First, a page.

04-20-2008, 06:19 PM
04-20-2008, 06:19 PM
04-20-2008, 06:34 PM
04-21-2008, 02:12 AM
why is diesel fuel so expensive in the US? This is the way to save fuel, then government should sponsor both factories which produce diesel and individuals who buy it, at least by tax reduction. In Europe gasoline:diesel price is 1:1, and diesel car of comparable power gets 20-30% better MPG than gasoline one.
Of course if in the US diesel fuel costs 20-30% more than gasoline - what is the reason to switch to diesel? This is the perfect reason Audi does not bring diesels there.
04-21-2008, 04:32 AM
more diesel refining capacity is coming online by late 2010 into 2011. Also by then all 50 states will have the same diesel fuel specs. But by then both gas and diesel will be so high the difference will be within 10% of each other. Diesel might actually be cheaper than regular gas like a just a few years ago.
The price is diesel compared to gas right now is distorted but will even out over the next few years as refining capacity is adjusted. However it will probably be gas rising in cost instead of diesel falling. By 2010-2011, I wouldn't be too suprised to see $7 gas and diesel.
I agree with those that think the 2.0T would have been the better choice for the US instead of the 3.2 V6. But I know Audi is hesitant for marketing reasons of putting a "small" 4 cylinder engine when the competition is putting 6 cylinders, and the customer doesn't know any better when the Lexus sales guy tells a sucker "yeah, (snicker) that Audi Q5 only has a 4-banger in it!". Meanwhile, chip that 2.0T and it will smoke the Lexus.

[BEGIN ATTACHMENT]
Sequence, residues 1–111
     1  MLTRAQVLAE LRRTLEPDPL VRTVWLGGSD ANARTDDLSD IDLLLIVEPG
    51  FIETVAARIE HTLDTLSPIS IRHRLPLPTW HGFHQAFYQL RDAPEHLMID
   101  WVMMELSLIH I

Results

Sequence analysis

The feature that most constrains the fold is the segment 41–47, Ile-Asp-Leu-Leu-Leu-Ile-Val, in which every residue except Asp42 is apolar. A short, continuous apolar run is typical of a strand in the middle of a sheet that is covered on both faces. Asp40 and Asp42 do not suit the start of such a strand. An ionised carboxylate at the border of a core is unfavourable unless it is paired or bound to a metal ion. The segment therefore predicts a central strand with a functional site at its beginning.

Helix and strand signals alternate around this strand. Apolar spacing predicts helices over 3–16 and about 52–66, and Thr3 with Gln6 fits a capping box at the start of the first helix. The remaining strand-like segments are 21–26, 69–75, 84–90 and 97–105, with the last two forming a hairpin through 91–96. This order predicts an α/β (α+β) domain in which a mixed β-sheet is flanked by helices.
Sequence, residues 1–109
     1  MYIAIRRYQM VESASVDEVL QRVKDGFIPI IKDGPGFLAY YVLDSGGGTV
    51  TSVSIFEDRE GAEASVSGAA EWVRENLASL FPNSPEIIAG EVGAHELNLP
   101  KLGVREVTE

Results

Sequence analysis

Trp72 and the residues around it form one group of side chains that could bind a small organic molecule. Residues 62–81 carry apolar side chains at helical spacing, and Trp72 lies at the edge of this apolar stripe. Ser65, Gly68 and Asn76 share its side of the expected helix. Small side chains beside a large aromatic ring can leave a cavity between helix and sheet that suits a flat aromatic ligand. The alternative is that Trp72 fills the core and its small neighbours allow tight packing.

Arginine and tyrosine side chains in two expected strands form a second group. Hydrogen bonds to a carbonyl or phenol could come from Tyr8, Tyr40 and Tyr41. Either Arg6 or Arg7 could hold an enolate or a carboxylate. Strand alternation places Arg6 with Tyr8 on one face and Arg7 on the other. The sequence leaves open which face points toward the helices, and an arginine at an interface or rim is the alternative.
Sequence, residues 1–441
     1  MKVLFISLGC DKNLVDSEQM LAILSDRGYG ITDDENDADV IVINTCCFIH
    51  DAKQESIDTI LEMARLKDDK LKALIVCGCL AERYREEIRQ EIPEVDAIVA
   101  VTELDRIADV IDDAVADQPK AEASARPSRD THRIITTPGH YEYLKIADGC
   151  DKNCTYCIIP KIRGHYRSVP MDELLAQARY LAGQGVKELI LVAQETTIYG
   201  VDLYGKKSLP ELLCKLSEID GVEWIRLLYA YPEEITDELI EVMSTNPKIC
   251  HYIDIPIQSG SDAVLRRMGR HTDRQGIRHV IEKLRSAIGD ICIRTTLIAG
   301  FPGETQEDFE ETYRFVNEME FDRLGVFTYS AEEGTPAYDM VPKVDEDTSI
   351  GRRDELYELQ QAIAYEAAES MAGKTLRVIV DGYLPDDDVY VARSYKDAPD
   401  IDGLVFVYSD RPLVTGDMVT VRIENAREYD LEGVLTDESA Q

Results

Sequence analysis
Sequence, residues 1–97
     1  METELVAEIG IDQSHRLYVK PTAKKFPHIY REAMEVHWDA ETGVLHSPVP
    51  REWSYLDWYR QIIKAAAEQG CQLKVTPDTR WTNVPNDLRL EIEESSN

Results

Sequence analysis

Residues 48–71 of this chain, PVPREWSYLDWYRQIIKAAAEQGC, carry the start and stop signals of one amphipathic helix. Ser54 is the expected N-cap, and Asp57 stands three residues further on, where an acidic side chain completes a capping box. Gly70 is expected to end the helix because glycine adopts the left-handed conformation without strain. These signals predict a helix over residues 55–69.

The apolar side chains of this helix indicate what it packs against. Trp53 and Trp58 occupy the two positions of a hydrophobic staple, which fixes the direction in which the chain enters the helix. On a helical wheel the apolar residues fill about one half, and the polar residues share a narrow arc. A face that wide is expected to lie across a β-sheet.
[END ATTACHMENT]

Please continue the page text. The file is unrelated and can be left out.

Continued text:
04-21-2008, 12:36 PM
2011 will bring very strictly law for emission in EU.
Diesel motors, which meet that standarts will be very expencive and less effective than now.
04-21-2008, 01:26 PM
04-21-2008, 11:15 PM
What I've read on the subject is that there are 2 oil refining methods used around the world. One produces among others more gasoline and the other more diesel fuel. Guess which one is used in the EU and which one in the US. You guessed it right I hope.
Add to that the recent Federal mandate to produce low sulfur diesel fuel and the resulting infrastructure upgrades cost, higher demand for it and the supply / demand works its magic.
That said any fuel in the US is still half price what it's in most EU countries. Fuels are heavily taxed in the EU, very little in the US, i.e. giving the EU countries more flexibility when it comes to shifting prices. Besides EU governments have historically interfere with the economy more than the US. When was the last time a major EU company went bust without being rescued by tax payers? Almost never happens there. Companies go out of business all the time here.
04-22-2008, 12:07 AM
04-22-2008, 12:23 AM
04-22-2008, 03:44 AM
04-22-2008, 03:45 AM
04-22-2008, 05:20 AM
my point is that currency exchange rate illustrates how much investments national economy can attract. And now looks like US economy is not very attractive to international investors. I hope in the near future US economy will prove its model is better than socialism in EU, and rate will refrect this. I'm tired of waiting though, because most of our customers are in the US, and our local prices are depending on Euro very much...
04-22-2008, 06:01 PM
04-24-2008, 12:03 PM
benefits of a "small" 4 cylinder diesel engine over the gas guzzling V6. I suggested to Johan that they run Audi TDI Driving Experiences all over the US. For those of you who have attended such events, you know that side-by-side comparisons are very convincing.
Currently, fuel in Europe is $8.00/gallon. We'll we get there? I don't think so. Why? Because market forces will take over, like they are starting to at $3.50+/gallon. Small car sales were up 14% last month. Ridership on public transportation is up. More people are riding the train, instead of going on planes. New technology is on the way i.e. Chevy Volt - a plug-in hybrid. I could go on and on. . .
I still want a TDI for many reasons. Saving money isn't one of them. Power is my main reason as is fuel mileage. I'll pay more for fuel if it means I'll use less and have to stop less often as well.